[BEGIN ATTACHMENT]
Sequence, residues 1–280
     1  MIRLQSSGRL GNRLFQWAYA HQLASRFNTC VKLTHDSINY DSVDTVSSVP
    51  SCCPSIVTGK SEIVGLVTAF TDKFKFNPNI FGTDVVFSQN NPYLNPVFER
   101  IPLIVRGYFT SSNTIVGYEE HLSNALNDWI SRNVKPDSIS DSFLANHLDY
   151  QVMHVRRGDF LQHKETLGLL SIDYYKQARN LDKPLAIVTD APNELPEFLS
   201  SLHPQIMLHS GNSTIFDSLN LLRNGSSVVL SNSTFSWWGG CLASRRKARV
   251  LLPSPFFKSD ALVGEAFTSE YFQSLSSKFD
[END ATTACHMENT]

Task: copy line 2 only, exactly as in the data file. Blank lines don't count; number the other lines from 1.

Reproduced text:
     1  MIRLQSSGRL GNRLFQWAYA HQLASRFNTC VKLTHDSINY DSVDTVSSVP